Green iguanas can be wonderful pets, given that the proper care is provided. Not only are they beautiful animals, but they are also very easy to maintain if you know what their basic necessities are. The average lifespan for a green iguana is approximately 25 years, with some known to live longer with proper care. They require a minimal amount of daily attention and don’t generally irritate people with allergies like animals with fur or hair can. They are a good alternative companion for those who are not allowed to keep typical pets such as dogs and cats in their homes because of fussy landlords. Many people love them just because they are quiet and are not nocturnal animals. Whatever the reason you have chosen to keep a green iguana as a pet, there are a few things that you can to do to insure your beloved pet has a long, happy and healthy life.
Get the proper cage. While you may have bought what appears to be a little lizard, he is going to grow and by the end of the first year will be three feet in length. A 10 gallon aquarium is NOT a suitable cage, even for a small iguana. If you insist on keeping him or her in a glass aquarium, nothing less than a long 30 gallon tank will do for a single small iguana. A large wooden or metal framed cage with mesh sides that can be climbed by the iguana is best. Be sure that the mesh is welded at the connection points to prevent injury to your pet. The cage should be at least four feet tall and three feet wide. There should be ample space for the iguana to climb and turn around with ease. It should also be easy to clean and have enough space for a large enough water dish to bath in. Buy the largest cage that you have space for, as you will only end up buying a bigger one if you do not.
Provide a good basking light. This is not something that is negotiable. Your iguana cannot survive without adequate sunlight. If you are fortunate enough to live in a warm, sunny climate, keeping your iguana’s cage outdoors for part of the day is an ideal solution. (Just be sure that your pet has somewhere to get out of the sun.) If you do not live in a warm weather climate, you will need to purchase a proper UV light. Go to your local pet store and see what they have available. Tell them that you have an iguana and buy the largest lamp and bulb that you can fit on the cage. The light should be OUTSIDE of the cage to prevent the iguana from burning itself, and the basking log should be positioned no closer than six inches from the light. Since iguanas are arboreal animals, the best place for the basking logs is high up in the cage. This will often allow you to set the light directly on top of the cage, provided the mesh is non flammable. Give your Iguana three to five hours of light at a minimum daily, especially before and after feeding time. The more light the better. The cage should be kept in a room that is 68-80 degrees consistently and has regular day and night cycles. Try to keep the cage in a place that is free of drafts and is sitting securely on the floor or table. You may wish to cover the cage at night to provide a sense of normal nocturnal patterns.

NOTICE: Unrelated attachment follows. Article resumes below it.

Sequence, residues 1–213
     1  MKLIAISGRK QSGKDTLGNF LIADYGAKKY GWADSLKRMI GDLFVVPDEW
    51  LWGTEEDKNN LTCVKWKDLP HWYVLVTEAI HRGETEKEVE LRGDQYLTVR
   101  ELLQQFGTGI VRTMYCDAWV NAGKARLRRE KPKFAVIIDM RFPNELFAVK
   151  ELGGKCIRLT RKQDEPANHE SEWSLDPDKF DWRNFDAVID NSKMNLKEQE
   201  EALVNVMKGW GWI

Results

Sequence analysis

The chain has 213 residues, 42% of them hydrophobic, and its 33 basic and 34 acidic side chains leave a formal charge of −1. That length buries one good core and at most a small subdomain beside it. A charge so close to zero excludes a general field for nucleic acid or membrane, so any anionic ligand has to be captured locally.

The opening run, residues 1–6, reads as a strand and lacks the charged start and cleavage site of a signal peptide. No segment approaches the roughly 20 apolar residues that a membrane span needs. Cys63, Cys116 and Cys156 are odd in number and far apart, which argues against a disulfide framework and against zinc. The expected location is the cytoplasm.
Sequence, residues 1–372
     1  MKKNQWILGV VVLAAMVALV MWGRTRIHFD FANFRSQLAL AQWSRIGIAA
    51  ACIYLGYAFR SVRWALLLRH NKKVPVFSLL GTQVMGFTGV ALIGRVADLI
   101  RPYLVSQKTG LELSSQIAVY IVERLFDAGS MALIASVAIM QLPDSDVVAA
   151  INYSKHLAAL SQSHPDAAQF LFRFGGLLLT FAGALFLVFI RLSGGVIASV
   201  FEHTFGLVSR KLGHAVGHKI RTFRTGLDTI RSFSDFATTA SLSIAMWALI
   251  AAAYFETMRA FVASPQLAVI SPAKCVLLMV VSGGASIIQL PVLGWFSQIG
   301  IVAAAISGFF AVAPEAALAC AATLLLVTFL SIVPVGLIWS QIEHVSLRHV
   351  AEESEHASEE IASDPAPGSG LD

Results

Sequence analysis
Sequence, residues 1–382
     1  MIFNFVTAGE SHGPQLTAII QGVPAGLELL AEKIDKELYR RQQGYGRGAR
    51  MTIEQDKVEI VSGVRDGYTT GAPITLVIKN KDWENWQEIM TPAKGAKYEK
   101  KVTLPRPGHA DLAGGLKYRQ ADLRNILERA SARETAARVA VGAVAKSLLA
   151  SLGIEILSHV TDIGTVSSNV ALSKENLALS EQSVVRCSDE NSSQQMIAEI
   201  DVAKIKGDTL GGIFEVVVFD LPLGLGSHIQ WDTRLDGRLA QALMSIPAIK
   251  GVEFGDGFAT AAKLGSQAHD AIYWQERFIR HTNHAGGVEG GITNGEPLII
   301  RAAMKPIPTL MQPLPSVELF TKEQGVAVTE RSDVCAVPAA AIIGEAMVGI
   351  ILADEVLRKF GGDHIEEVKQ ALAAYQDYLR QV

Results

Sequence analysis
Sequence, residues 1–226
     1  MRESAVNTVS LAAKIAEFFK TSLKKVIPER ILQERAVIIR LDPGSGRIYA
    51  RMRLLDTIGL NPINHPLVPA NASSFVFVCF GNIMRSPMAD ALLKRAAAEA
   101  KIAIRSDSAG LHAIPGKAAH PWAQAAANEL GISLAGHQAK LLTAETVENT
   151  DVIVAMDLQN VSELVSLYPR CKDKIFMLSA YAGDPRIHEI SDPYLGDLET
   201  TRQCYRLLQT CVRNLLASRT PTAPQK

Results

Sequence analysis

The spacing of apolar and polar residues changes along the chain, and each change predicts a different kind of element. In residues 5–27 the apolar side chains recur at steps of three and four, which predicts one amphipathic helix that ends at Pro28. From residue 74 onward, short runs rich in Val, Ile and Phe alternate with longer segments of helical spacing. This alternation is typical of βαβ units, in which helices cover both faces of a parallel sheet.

Use a variety of food. Iguanas are vegetarian. They should not be fed meat! Giving them an occasional meal worm is ok, but it is not a staple food for them. What they should be eating is a diet that offers a wide variety of leafy green vegetables, brightly colored fruits and some softer vegetables. Never ever give your iguana iceberg lettuce! Not only is it not good for them, they will no longer wish to eat the healthy green leaves. If you do feed them iceberg lettuce for a long period of time THEY WILL DIE from lack of nutrition! Spinach is also not a good choice, but not nearly as bad as iceberg lettuce. Some good foods to feed them on a regular basis are romaine and leaf lettuce, collard greens, mustard greens, turnip greens, kale, cabbage, avocado, tomatoes, grated zucchini or summer squash, hibiscus flowers (when available) bananas, mango’s , oranges and grapefruit (peeled), kiwi and strawberries. Not all iguanas are the same and they won’t all like to eat the same things. Try different things and see what works for your iguana.
Provide an interesting environment. They should have lots of different surfaces to climb, a large “pool” for bathing and a dark place to hide when they want to be alone. Iguanas need their privacy too! Their cage should simulate their natural environment which is a warm, lush tropical place. If you can give them a natural environment, they will live very happy lives.
These are the basic things that your iguana will need to keep him or her happy and healthy. Keep in mind that iguanas are solitary animals in nature, and should be kept so in your home. They are not lonely! You may be able to keep more than one juvenile iguana together, like in your local pet store, but older iguanas–especially males–do not want another iguana in their territory. Forcing them together may result in injury or death for one or more iguanas and should not be attempted. Some people like to provide vitamins on the iguana’s food, others do not. You should be able to find a good book on iguana care at your local library or pet store, which will give you lots of detailed information on the nature of the iguana and its natural environment. There are a lot of good resources out there to help you enjoy your new pet.